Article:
operation. They include the 3rd Mechanised Division and 1st Marine Division
in Kuwait. Between them these have more than 300 tanks, hundreds of smaller
armoured vehicles and a great many attack and transport helicopters. The
marines train to fly hundreds of miles inland supported by their Harrier
jump jets and tanks. Britain will soon have another 100 or so tanks and
helicopter-borne troops.

The 101st Air Assault Division and 82nd Airborne have more than 20,000
soldiers trained to attack by helicopter. Finally, the 4th Mechanised
Division has been given orders to go. This division forms "task force
ironhorse" of some 37,000 soldiers including, more than 100 tanks and
bridge-building engineers. The "Ironhorse" Division is also the first
computerised,"Digital Division". One advantage it has is that all its
vehicles have global positioning systems (GPS), which automatically provide
a picture of every vehicle's location. This means the army has to worry less
about being subject to friendly fire from the air force as it rushes across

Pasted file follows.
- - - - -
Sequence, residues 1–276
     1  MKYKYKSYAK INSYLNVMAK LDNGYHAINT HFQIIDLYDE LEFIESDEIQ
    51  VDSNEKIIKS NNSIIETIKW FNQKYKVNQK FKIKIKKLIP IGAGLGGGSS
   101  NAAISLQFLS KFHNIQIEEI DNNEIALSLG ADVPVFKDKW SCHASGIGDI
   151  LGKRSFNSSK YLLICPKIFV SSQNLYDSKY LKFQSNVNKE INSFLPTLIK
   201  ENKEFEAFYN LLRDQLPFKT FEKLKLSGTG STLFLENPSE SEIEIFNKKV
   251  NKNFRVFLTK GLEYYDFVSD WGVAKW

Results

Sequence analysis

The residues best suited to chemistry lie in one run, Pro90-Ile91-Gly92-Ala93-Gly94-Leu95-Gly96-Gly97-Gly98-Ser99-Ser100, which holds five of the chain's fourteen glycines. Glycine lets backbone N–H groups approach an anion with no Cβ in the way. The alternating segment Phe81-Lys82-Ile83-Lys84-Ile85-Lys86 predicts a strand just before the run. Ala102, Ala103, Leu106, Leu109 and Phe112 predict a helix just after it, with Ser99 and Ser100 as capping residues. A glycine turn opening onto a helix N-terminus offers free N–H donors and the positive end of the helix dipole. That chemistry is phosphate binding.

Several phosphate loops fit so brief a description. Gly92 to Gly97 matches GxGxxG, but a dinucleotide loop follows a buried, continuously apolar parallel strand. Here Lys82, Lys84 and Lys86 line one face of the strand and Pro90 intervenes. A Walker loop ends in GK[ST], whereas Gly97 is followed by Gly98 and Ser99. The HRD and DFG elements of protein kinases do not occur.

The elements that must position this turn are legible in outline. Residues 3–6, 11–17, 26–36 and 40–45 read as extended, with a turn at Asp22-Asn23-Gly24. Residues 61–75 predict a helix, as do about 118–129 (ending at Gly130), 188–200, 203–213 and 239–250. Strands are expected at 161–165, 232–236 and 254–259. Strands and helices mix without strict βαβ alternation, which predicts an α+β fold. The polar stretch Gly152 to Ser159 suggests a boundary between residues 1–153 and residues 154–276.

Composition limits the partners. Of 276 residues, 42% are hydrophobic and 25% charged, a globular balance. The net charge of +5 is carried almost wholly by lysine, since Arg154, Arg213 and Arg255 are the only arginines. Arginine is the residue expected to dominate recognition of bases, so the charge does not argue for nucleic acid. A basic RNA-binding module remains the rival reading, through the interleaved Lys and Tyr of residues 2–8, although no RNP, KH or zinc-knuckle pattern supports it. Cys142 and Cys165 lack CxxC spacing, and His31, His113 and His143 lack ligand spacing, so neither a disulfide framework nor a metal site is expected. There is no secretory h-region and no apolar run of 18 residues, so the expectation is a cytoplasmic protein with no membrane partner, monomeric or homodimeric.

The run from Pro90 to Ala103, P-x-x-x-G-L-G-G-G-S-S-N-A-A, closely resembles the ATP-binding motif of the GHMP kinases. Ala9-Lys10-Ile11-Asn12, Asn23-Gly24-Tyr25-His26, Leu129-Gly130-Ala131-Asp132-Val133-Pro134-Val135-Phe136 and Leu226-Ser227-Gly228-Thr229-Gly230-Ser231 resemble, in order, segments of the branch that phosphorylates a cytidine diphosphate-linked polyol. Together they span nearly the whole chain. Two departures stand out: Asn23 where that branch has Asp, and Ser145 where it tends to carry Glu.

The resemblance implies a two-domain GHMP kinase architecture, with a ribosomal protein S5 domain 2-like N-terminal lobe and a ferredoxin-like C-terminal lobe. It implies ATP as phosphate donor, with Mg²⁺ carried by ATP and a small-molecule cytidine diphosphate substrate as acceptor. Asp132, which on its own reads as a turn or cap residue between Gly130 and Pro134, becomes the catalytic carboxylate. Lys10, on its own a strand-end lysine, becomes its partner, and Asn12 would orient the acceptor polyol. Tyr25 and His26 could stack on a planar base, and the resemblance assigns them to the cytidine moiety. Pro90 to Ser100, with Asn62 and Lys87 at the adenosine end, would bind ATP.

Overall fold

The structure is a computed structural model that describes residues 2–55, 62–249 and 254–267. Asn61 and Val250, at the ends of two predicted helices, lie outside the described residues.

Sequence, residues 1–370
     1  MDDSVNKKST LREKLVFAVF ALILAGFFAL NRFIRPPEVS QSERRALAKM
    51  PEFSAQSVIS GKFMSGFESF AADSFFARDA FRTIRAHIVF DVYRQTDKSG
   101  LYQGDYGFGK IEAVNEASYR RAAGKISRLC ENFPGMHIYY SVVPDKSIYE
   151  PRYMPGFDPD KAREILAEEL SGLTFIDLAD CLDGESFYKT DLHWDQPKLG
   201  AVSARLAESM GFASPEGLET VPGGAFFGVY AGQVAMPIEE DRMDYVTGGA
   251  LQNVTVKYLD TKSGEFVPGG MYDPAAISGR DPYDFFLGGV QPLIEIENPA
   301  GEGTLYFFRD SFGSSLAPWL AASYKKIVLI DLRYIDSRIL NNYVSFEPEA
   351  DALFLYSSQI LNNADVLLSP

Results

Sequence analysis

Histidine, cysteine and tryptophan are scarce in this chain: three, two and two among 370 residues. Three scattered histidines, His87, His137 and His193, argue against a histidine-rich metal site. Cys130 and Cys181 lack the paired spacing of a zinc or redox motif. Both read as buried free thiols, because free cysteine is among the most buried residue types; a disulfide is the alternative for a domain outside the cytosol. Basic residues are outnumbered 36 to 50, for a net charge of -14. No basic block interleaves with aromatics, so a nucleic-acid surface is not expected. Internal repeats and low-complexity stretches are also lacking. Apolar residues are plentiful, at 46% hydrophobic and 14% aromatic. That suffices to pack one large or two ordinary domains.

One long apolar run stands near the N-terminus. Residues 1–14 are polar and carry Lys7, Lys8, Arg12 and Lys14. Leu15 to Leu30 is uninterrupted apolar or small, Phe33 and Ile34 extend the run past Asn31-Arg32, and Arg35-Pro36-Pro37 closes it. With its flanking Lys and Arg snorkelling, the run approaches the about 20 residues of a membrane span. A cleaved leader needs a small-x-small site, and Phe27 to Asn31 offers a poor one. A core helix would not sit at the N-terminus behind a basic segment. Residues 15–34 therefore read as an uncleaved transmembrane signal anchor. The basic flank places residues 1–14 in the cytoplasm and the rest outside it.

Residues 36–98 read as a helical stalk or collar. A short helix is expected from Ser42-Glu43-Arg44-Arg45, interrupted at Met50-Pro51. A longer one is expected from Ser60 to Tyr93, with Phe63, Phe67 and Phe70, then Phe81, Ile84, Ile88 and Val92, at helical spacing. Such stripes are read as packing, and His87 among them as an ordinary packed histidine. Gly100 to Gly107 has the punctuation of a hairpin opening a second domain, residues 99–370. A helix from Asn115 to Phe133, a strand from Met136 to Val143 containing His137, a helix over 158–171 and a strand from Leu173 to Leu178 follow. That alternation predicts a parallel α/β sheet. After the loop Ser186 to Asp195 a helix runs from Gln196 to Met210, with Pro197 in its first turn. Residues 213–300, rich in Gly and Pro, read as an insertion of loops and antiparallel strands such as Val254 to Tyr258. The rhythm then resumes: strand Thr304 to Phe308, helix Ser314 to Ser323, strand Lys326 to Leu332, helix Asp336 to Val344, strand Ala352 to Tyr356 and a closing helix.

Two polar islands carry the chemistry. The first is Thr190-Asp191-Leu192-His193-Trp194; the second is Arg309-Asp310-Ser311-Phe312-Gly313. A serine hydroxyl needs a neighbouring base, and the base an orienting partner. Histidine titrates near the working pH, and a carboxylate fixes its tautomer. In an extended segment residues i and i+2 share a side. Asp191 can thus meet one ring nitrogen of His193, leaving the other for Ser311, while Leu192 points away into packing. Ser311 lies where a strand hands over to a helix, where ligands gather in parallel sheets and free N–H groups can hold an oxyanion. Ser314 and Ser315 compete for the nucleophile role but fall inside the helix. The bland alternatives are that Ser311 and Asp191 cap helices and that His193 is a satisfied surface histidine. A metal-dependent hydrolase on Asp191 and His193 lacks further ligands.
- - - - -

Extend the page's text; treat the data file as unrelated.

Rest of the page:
the desert.

US troops can capture airfields deep inside Iraq, and within hours use them
to fly in hundreds of tanks and troops. They already have prepared several
bases in Kurdistan. US forces could also get to Iraq from the British
airfields in Cyprus, and old Soviet bases in Bulgaria, Romania and Georgia
as more well-known ones in the Gulf and Turkey.

The US army and air force have spent years practising these airlanding
operations. Since the Gulf war the Pentagon has doubled the rate at which it
can fly in tank units, with the C-17 transport plane designed to use short
and roughly prepared airfields.

Airlanding operations could see tanks rolling off the back of transport
planes at Saddam Hussein airport and driving straight for central Baghdad.
At the same time as this "head transplant" took place, helicopter units
operating east from the Jordanian border would have the job of preventing
any Scud attack on Israel, while air force bombers attempted to burn away
any stocks of chemical or biological weapons.

There are numerous reports that Saddam's troops have been told through
leaflets and radio broadcasts that they will not be attacked if they stay
put. These messages have been backed up with offers of large amounts of cash
to bribe senior commanders. This was a highly effective method of waging war
in Afghanistan.

Any Iraqi troops that do move will be spotted and destroyed by US air power.
In the Gulf war, the B-52s carried old-style "dumb bombs". Today each of the
70 B-52s carries 50 bombs directed by GPS to their target. Theoretically,
these planes alone could attack 3,500 aim points in Iraq in one go. And the